2.Do you agree with Negroponte’s decision to partner with Microsoft? Yes, I think it is a good initiative because now that the XO laptop will be available in both Linux and Windows varieties and we can view it as an opportunity for OLPC to expand in a couple of ways. Moreover, now it will have a broader acceptance in the community and the other is to have more software and software developers available. The OLPC’s philosophy of openness is behind its decision to allow Microsoft software on the machines, but it would be hard for OLPC to say it was ‘open’ and then be closed to Microsoft. According to Negroponte, the XP announcement is the latest development in a long-running collaboration between the project and Microsoft. Microsoft was also interested in this project and was working to see if it could get Windows XP up and running on the OLPC devices.
To make it work, Microsoft needed to get the operating system to boot from an SD card and to create drivers to work with OLPC’s unique features, such as its touchpad and e-book reader mode. Negroponte said the ability to run Windows is a must-have in some countries. For example, he said, Uruguay made it a requirement in its recent solicitation. Even in other countries where Windows is not required, Negroponte said compatibility with the Microsoft operating system still helps give the laptop credibility. Meanwhile, Negroponte stressed that he is not giving up on Linux and ultimately aims to deliver machines that can boot into either operating system.
There’s no premeditated plan that one is going to dominate over the other because both is a very powerful option. Though, there is obviously cost issues, which is necessarily higher for Windows, because it requires more hardware than Linux. Language support is possible for any community in Linux, but in Windows it depends on the good will of Microsoft, or rather the bottom line market analysis results that Microsoft works from. But according to Negroponte, he was mainly concerned with putting as many laptops as possible in children’s hands.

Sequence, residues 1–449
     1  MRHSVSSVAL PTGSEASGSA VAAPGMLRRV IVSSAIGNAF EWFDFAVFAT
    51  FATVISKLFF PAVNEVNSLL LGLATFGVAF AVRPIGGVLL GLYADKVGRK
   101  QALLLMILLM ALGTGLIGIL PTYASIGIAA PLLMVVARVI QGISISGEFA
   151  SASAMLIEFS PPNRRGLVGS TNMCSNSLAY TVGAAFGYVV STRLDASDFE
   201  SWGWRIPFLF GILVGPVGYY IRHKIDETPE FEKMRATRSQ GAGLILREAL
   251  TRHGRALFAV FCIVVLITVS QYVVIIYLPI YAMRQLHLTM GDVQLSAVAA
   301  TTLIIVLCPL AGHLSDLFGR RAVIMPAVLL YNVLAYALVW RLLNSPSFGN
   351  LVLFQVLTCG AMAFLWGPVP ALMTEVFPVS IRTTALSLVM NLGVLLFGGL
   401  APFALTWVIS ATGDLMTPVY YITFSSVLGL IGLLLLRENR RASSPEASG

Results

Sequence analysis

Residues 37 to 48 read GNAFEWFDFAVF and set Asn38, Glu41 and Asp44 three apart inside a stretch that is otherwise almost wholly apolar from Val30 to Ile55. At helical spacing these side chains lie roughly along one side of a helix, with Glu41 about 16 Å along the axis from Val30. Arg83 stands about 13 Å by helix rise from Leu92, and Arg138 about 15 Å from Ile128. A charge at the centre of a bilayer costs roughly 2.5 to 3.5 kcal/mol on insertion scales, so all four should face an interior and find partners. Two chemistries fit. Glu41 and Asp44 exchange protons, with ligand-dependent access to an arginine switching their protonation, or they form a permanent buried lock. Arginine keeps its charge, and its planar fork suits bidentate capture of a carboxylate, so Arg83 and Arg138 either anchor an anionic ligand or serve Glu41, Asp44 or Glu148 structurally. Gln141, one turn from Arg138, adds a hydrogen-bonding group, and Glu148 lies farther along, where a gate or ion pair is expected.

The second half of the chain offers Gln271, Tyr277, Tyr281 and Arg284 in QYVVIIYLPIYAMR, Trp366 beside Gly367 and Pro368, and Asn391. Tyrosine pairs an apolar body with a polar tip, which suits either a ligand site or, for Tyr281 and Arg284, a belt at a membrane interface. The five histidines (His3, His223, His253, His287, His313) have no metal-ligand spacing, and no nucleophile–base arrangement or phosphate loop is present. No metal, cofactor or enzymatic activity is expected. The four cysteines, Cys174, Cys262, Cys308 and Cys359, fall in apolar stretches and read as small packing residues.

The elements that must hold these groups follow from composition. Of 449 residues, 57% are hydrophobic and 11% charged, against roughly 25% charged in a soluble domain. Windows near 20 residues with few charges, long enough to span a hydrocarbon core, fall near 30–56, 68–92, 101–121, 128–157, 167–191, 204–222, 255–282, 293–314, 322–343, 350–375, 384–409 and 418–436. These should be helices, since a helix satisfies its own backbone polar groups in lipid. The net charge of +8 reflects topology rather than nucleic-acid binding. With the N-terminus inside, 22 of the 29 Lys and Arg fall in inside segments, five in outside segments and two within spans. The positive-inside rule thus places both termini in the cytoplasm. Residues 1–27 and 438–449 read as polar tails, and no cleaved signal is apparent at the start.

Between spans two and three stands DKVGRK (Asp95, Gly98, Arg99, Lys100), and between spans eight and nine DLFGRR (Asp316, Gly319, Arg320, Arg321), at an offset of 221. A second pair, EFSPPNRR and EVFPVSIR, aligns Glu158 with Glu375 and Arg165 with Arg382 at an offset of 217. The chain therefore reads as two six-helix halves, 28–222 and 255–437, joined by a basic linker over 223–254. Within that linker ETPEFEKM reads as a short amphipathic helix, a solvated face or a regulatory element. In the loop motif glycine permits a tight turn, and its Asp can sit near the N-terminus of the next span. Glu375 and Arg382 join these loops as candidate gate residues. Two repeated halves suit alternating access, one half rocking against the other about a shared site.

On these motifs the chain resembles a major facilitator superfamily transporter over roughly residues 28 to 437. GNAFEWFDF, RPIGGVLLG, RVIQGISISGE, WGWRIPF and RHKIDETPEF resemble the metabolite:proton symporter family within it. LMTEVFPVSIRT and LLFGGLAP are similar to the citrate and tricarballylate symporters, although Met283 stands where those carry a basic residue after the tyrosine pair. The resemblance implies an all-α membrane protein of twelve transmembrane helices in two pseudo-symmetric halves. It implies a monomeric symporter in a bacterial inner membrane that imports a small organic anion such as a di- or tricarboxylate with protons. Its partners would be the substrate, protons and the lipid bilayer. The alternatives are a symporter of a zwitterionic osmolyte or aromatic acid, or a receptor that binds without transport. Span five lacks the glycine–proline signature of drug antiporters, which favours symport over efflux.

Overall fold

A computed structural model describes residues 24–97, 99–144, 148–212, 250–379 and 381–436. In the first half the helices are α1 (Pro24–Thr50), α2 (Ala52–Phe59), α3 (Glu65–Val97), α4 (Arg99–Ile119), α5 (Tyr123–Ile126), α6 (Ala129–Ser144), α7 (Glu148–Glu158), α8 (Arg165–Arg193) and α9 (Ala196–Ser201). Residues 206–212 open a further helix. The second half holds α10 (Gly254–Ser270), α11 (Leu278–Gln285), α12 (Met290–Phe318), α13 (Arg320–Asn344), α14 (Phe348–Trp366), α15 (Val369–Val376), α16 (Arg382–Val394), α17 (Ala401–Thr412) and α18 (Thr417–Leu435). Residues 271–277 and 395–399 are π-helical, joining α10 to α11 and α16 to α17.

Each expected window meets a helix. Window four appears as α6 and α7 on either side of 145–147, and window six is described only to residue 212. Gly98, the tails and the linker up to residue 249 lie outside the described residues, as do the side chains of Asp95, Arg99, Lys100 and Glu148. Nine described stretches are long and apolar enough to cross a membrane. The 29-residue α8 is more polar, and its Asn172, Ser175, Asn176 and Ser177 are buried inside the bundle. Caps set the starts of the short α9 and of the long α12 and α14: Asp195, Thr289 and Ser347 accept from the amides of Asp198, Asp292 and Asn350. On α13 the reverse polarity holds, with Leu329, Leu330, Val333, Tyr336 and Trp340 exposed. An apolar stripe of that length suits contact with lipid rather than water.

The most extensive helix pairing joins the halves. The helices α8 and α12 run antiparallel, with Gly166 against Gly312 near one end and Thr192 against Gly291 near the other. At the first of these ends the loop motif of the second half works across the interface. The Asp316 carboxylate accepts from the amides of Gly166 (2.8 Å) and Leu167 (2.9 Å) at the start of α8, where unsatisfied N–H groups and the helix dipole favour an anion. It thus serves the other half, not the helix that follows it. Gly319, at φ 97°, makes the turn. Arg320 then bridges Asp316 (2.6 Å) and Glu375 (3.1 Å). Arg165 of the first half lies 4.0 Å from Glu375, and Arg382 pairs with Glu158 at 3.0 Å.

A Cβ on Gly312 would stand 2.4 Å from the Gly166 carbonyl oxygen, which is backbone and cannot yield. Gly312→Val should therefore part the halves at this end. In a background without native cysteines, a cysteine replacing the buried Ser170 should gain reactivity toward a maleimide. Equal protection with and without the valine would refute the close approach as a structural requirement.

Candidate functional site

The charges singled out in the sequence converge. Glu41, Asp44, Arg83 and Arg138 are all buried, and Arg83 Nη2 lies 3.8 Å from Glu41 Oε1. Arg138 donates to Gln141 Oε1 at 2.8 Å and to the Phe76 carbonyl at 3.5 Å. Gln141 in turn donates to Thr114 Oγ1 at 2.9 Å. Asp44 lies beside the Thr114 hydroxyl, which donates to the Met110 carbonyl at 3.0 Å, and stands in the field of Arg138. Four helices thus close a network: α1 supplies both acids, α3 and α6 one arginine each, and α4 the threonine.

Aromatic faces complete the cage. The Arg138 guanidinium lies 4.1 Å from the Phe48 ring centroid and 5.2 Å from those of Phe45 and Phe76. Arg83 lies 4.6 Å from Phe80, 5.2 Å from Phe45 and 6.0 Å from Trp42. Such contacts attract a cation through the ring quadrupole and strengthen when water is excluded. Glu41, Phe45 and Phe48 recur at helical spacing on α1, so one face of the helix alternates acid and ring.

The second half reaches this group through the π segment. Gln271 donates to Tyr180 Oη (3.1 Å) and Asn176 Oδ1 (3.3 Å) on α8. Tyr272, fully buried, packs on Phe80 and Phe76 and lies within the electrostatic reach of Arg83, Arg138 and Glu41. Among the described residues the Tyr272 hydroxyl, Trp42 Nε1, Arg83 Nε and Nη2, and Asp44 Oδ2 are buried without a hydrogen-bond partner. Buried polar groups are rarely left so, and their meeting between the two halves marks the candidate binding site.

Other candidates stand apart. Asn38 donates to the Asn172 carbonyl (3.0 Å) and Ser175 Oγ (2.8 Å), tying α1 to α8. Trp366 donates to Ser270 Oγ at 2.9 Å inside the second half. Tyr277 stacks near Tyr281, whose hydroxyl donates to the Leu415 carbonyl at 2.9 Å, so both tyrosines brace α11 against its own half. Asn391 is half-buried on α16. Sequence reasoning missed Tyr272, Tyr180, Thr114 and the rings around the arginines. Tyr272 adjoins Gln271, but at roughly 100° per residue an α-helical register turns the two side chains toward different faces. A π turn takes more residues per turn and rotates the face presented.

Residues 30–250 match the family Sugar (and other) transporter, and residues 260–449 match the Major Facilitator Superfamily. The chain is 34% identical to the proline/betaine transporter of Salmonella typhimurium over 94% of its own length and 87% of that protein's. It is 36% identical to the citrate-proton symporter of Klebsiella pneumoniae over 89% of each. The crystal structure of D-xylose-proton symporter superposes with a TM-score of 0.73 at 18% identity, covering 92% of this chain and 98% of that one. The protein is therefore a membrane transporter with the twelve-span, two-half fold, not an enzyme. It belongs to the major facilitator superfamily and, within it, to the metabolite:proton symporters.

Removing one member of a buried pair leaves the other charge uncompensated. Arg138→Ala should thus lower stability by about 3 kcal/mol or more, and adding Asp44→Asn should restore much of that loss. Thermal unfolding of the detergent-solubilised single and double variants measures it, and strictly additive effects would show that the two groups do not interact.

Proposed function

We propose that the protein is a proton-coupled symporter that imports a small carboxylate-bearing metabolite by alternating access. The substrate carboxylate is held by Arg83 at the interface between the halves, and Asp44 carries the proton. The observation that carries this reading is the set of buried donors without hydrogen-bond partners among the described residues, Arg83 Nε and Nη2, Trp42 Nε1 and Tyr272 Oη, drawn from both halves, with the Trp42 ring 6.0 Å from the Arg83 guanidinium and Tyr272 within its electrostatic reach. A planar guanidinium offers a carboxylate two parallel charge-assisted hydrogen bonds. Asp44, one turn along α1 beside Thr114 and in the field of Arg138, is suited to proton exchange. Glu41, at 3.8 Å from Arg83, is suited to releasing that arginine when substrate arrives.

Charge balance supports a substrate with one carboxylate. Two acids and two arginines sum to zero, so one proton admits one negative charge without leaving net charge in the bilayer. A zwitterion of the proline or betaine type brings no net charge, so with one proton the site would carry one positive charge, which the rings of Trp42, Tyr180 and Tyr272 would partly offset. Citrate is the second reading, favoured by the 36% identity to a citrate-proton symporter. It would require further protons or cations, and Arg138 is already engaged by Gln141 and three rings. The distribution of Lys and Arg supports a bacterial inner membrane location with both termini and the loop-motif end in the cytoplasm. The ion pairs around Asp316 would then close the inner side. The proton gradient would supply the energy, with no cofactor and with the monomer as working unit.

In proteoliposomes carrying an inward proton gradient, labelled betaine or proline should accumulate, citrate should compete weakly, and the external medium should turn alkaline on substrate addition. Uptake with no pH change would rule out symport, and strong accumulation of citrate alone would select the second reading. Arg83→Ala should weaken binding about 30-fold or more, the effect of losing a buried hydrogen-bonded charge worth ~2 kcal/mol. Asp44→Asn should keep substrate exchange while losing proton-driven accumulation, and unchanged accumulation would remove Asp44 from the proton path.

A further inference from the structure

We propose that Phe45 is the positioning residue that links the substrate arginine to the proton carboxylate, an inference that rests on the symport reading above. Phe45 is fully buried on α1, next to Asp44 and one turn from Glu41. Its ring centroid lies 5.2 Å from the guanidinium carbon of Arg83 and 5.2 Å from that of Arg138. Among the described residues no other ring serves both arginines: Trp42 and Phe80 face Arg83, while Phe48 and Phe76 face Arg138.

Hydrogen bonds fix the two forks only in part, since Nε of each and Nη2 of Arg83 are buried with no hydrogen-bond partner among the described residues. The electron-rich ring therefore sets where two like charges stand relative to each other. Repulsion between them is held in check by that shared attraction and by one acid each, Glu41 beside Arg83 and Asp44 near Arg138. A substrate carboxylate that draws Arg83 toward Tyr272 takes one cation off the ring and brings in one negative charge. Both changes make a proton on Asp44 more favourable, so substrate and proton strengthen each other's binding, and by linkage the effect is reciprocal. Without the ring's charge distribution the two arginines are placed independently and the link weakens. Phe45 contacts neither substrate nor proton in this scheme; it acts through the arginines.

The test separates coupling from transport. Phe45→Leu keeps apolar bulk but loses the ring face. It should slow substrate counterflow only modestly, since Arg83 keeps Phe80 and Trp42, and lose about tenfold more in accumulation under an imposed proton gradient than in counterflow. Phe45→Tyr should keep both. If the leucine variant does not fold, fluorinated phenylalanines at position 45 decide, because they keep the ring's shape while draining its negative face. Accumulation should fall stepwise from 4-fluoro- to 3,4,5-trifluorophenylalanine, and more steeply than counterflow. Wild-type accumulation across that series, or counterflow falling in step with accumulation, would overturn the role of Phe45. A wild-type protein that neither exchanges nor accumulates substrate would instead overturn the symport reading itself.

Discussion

3.Assess the thinking behind the “give one, get one” promotion. Do you think this is a good marketing tactic? Yes, it is a good marketing tactics but it also brought about some drawbacks with it which is inevitable. Since, OLPC initially stated that no consumer version of the XO laptop was planned. The project, however, later established a website to accept direct donations and ran a “Give 1 Get 1” (G1G1) offer starting on November 12, 2007. The offer was initially scheduled to run for only two weeks, but was extended until December 31, 2007 to meet demand.
With a donation of $399 to the OLPC “Give 1 Get 1” program, donors received an XO-1 laptop of their own and OLPC sent another on their behalf to a child in a developing country. Shipments of “Get 1” laptops sent to donors were restricted to addresses within the United States, its territories, and Canada. Some 83,500 people participated in the program. Delivery of all of the G1G1 laptops was completed by April 19, 2008. Delays were blamed on order fulfillment and shipment issues both within OLPC and with the outside contractors hired to manage those aspects of the G1G1 program.
According to Negroponte, the Give One, Get One project was both successful and not. It was a great success because there are 162,000 XO laptops gaining support for the project in the U.S. However, he still would like to see more sold. In order to make the project viable, Negroponte says they will need to sell about three million devices. The program also aims to lower the production cost of the laptop to the original target of $100. The OLPC program has the correct intentions, but a flawed philosophy and approach. Just deploying technology and expecting to work its magic is not the way to go. For the diffusion of the technology, it is crucial that we adopt to the local practices and constraints.
University/College: University of California
Type of paper: Thesis/Dissertation Chapter
Date: 31 December 2016